Combustible Celluloid
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With: Ross Lynch, Alex Wolff, Anne Heche, Dallas Roberts, Miles Robbins, Vincent Kartheiser
Written by: Marc Meyers, based on a graphic novel by Derf Backderf
Directed by: Marc Meyers
MPAA Rating: R for disturbing images, language, teen drug use, drinking and sexual content, and for brief nudity
Running Time: 107
Date: 11/03/2017

My Friend Dahmer (2017)

3 Stars (out of 4)

Pre-Kill Student

By Jeffrey M. Anderson

Written and directed by Marc Meyers, this biographical drama walks a fine line between ridicule and morbidity, and maintains a humane balance, exploring this disturbed character in an empathetic way.

In My Friend Dahmer, lonely outcast teen Jeffrey Dahmer (Ross Lynch) hadn't yet become an infamous serial killer (portrayed by Jeremy Renner in the 2002 movie Dahmer). In 1978, he's a senior in high school, interested in finding roadkill carcasses and dissolving them in jars of acid. After meeting his mother's palsied interior designer, he starts performing "spaz attacks" at school, which endears him to cartoonist Derf (Alex Wolff). Derf enjoys pushing Dahmer into more "performances," but still seems to like him.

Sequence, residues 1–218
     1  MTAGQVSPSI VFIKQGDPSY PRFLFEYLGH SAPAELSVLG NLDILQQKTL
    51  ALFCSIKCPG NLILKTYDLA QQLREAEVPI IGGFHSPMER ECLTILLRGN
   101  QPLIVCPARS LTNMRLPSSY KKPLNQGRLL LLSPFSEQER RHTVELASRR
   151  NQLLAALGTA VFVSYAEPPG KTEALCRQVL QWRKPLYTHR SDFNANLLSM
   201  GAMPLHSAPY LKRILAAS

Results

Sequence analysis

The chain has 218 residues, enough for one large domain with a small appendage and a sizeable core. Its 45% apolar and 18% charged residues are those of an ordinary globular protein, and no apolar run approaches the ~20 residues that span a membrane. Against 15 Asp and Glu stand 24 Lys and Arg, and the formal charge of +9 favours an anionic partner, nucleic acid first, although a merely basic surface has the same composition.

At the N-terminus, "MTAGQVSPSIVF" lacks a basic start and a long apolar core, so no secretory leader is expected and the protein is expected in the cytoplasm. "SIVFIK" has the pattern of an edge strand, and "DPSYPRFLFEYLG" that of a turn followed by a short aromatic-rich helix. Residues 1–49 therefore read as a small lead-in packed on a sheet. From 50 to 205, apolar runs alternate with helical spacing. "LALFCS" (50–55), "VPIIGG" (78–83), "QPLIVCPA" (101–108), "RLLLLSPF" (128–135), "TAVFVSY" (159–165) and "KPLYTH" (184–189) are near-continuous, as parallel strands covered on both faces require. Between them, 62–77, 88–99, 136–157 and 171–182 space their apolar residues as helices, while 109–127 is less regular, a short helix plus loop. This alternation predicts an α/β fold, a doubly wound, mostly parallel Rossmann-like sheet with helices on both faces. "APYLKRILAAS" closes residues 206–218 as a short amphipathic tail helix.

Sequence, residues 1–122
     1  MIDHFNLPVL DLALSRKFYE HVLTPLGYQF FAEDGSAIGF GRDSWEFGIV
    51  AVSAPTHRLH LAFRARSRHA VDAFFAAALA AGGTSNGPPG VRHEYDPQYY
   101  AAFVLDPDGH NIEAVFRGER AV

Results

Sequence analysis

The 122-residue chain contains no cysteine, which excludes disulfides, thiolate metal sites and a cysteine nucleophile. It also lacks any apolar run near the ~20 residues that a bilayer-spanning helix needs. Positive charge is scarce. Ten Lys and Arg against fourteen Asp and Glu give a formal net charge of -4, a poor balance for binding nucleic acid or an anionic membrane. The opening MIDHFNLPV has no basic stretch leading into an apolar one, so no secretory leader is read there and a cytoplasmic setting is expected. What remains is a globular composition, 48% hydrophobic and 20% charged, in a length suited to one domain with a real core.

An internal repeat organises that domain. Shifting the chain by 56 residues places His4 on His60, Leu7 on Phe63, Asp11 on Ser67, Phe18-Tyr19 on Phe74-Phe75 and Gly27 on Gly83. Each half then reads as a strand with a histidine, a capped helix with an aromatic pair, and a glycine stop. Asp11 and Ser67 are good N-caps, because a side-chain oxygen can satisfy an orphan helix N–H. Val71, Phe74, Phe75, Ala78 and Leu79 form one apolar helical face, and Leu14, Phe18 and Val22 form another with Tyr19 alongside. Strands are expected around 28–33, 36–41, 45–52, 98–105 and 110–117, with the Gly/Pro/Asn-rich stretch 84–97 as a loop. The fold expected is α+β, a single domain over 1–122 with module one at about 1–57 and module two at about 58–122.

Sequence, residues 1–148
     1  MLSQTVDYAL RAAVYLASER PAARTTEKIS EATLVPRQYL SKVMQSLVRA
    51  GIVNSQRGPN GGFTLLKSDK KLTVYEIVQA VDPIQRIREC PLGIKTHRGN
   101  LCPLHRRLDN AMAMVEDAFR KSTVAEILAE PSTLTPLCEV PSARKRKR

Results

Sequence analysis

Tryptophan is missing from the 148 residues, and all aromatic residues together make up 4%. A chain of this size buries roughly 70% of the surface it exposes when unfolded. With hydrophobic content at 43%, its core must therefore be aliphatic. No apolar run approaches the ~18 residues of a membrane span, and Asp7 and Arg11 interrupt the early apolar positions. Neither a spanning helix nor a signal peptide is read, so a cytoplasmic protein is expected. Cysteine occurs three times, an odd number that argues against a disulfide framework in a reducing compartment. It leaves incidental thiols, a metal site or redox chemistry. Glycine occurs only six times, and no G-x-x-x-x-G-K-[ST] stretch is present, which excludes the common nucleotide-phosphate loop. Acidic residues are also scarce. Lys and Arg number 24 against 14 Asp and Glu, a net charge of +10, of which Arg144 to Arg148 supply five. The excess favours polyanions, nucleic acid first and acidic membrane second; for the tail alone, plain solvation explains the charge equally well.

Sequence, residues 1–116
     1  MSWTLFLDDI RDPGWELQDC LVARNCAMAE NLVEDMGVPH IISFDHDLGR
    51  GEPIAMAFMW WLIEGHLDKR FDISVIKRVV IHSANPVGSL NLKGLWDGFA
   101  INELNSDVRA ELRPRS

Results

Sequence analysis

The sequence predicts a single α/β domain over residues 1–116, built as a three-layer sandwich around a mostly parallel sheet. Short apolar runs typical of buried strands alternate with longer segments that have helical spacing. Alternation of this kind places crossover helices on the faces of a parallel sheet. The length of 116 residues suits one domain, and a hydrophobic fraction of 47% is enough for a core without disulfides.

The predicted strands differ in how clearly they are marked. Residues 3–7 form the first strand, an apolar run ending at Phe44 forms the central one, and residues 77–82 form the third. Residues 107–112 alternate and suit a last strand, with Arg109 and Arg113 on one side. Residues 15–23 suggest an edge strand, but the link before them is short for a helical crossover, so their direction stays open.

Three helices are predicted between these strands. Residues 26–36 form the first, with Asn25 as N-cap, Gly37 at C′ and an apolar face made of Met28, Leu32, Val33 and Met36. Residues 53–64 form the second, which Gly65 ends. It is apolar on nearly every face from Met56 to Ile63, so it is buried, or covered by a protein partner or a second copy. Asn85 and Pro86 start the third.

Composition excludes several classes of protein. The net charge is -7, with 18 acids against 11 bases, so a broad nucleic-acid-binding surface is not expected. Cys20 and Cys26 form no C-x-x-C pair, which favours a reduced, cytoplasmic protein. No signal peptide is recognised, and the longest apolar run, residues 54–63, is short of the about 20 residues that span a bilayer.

Meanwhile, Dahmer's parents are divorcing, his emotionally unstable mother (Anne Heche) doesn't seem to care about him, and he becomes attracted to a male doctor (Vincent Kartheiser), whose indifference awakens violent tendencies. He begins drinking regularly and his behavior grows increasingly erratic — he invites a girl to prom and leaves her there to go and eat fast food — all of which leads up to his first homicidal impulse.

In My Friend Dahmer, star Ross Lynch, known for his Disney Channel appearances, hides behind a mop of hair and huge, clunky glasses, walking stiffly and clenched as if afraid of the very air itself. He gives a strong performance, finding the hurt, fear, frustration, and power that drives him to his ultimate fate.

The 1970s design is incredibly effective, tapping into the era's uneasy meeting of establishment (Neil Sedaka) and rebellion (the Ramones). Adapted from a graphic novel written by the real-life Derf, the movie doesn't really capitalize on the "my friend" portion of the story.

The focus is on Dahmer, and the Derf character nicely avoids becoming a typical "writer" character, a passive observer; he's more of a catalyst here. Director Meyers also avoids cutesy attempts to tie the movie into its comic origins; there are no weird effects or comic panels. It's a weird movie, but every effort goes into finding a legitimate center. It opens November 3, 2017, at the Roxie Cinema.

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